Dadirri: An Indigenous Approach To Healing Trauma
People have always experienced pain, and in the vast span of time before the colonial expansion of western culture, indigenous cultures weren’t without their methods of dealing with trauma.
For centuries we’ve largely ignored the wisdom of those among us who are still directly connected to ancestral ways of knowledge. As our modern lifestyle collides with the fact that our Earth is not capable of supporting our current way of life, we are finally starting to look to those who once lived in a state of indefinite sustainability and abundance, for a way forward.
“In order to have sustainable community you have to make sure the people are sustainable. This means healing trauma.”
– Jarmbi Githabul, Ngarakwal / Githabul Custodian
What is Dadirri?
“Dadirri is inner, deep listening and quiet, still awareness. Dadirri recognises the deep spring that is inside us. We call on it and it calls to us. This is the gift that Australia is thirsting for. It is something like what you call ‘contemplation’.”
– Miriam-Rose Ungunmerr-Baumann, Ngangiwumirr Elder
When Miriam-Rose Ungunmerr-Baumann speaks* of dadirri, she speaks of a form of deep, contemplative listening that is nothing less than a personal spiritual practice. This type of listening in stillness is widely known all across the Australian continent, in many language groups under many names. “When I experience dadirri, I am made whole again.” Miriam describes. “I can sit on the riverbank or walk through the trees; even if someone close to me has passed away, I can find my peace in this silent awareness. There is no need of words. A big part of dadirri is listening.”
Learning and healing through listening
According to Ungunmerr-Baumann the act of learning, from a very young age, is all about waiting and listening; not asking questions. In a culture where everyone is so well practiced at listening that it becomes a spiritual art, it makes sense that when trauma occurred the people would come together and deeply listen to each other. For this reason dadirri also refers to a form of group trauma healing that brings the deep presence found in the solo practice of dadirri to a group setting. Details of dadirri as group practice can be found in Prof. Judy Atkinson’s book Trauma Trails, Recreating Songlines. The essence of dadirri, in this wider context, is the creation of a space of deep contemplative, heart based listening where stories of trauma and pain can be shared and witnessed with loving acceptance.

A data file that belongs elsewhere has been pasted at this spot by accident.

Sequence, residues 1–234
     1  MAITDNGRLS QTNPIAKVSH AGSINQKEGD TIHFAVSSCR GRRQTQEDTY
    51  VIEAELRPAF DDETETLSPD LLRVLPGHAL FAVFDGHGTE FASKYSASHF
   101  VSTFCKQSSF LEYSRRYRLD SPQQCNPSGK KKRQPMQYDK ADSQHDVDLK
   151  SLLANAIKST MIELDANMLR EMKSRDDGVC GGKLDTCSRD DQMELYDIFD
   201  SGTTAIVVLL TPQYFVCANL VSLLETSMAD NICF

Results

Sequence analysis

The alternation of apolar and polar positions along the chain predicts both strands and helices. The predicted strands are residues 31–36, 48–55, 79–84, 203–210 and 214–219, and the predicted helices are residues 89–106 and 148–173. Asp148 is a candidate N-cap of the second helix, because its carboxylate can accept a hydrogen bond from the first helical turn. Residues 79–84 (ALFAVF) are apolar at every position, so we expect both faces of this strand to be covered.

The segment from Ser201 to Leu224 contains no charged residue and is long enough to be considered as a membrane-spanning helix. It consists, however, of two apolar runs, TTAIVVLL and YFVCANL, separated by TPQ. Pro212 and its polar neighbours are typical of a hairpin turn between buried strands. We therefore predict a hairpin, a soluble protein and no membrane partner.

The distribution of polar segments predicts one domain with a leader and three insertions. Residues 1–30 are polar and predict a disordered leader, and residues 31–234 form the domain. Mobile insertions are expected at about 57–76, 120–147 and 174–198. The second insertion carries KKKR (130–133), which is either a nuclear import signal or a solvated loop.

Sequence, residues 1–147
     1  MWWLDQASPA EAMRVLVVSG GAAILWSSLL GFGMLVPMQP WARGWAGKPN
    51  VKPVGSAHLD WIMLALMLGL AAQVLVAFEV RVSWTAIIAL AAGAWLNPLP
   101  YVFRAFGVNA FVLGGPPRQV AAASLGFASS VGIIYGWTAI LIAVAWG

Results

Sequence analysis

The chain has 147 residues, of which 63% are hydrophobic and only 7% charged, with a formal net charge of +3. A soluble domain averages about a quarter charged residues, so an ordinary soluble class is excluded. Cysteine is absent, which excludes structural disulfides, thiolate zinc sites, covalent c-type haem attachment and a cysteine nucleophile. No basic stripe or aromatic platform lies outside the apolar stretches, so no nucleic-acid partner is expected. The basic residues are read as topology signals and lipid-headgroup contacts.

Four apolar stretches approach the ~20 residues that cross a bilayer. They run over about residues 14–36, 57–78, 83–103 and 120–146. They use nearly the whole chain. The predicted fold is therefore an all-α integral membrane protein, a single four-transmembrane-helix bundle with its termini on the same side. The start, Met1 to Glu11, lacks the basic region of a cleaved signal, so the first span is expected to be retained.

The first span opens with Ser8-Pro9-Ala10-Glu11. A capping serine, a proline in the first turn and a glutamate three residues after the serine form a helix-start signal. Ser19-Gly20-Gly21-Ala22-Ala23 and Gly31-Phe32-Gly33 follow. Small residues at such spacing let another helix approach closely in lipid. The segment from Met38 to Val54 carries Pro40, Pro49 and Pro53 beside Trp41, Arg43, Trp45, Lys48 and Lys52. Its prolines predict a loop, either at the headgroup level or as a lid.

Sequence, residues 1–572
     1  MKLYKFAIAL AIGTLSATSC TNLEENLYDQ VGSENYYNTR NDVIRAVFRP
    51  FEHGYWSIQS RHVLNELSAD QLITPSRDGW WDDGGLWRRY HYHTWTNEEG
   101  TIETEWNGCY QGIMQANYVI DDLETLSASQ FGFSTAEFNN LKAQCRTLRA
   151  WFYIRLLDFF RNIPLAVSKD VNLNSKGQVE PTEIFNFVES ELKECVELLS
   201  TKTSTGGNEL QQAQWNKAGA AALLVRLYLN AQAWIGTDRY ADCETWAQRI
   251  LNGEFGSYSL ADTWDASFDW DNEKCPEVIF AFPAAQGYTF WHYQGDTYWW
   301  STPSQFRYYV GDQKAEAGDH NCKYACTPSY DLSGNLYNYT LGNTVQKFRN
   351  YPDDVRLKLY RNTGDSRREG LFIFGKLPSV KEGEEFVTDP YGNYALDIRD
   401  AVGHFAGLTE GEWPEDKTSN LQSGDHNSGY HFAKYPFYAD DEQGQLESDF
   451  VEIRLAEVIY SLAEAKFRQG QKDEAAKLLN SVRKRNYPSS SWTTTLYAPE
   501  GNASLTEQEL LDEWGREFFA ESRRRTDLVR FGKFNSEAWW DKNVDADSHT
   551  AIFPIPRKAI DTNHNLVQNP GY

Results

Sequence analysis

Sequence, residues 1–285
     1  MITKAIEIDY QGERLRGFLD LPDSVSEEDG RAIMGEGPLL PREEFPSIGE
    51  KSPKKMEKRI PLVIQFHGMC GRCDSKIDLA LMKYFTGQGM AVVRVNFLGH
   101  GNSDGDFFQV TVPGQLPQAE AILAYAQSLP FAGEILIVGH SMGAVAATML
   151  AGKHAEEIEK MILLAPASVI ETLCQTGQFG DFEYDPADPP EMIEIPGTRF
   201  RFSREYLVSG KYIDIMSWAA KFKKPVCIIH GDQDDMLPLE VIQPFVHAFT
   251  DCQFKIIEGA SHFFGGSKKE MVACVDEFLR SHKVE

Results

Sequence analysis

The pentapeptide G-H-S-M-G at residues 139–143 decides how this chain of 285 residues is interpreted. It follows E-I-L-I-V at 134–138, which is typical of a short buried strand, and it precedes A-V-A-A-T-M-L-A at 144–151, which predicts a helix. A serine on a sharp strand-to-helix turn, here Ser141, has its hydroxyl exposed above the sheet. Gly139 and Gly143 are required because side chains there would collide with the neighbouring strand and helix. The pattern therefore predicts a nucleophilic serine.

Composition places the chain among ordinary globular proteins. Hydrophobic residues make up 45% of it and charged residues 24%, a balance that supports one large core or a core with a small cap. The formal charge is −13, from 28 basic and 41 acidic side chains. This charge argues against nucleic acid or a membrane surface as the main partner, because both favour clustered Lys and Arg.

In my own experiences with original Australians who are deeply connected to country, I have felt that they are so grounded it’s almost as if the land itself is listening to you, through them.
“Healing country heals ourselves, and healing ourselves heals country.”
– Prof. Judy Atkinson – Jiman / Bunjalung woman, author of Trauma Trails, Recreating Songlines
According to Prof. Stan Grof, trauma healing comes from finally completing an experience emotionally that may have been physically completed long ago. The initial moment of pain may have become so overwhelming that we make a subconscious decision to ‘check out'; in other words, we emotionally dissociate. Every part of us screams “Stop, I don’t want to feel this!” The problem is that we don’t stop the emotional experience, we just press pause.
When we don’t have the courage or skills (because we are too young, or were never taught) to actually feel all of the emotions of a traumatic experience, we inadvertently trap the part of it we couldn’t handle, and store it away for later. Dadirri is a practice that allows us to open up this trapped pain and trauma in a sacred and held space and with the support of those around us, we can finally feel it in order for it to be released.
“Trauma puts you in a disempowered position that makes it easy for you to be influenced. It interferes with your ability to make clear decisions for yourself.”
– Jarmbi Githabul, Ngarakwal / Githabul Custodian
The importance of a practice like dadirri is that it is completely based on non-judgment. Over time, the story is shared on multiple occasions, and by doing so the telling begins to change. The emotional charge is released a little at a time as the circle around them offers an unwavering reflection of loving acceptance. Very often, the person who has suffered trauma starts to adopt this attitude of loving acceptance toward themselves.
Limbic Resonance and Revisioning
The reason this works, from the perspective of neuroscience, is because of: limbic resonance, mirror neurons and neuroplasticity. The notion of limbic resonance asserts that without consistent love and acceptance during childhood our brains don’t develop properly. The part that becomes developmentally stunted is our resilience against emotional distress. Similar problems can occur in people of all ages when they suffer trauma. The process of limbic revisioning is about rewiring the neural structure of person who has suffered trauma or emotional neglect; in order for this to occur there needs to be an external example for the limbic brain to mimic.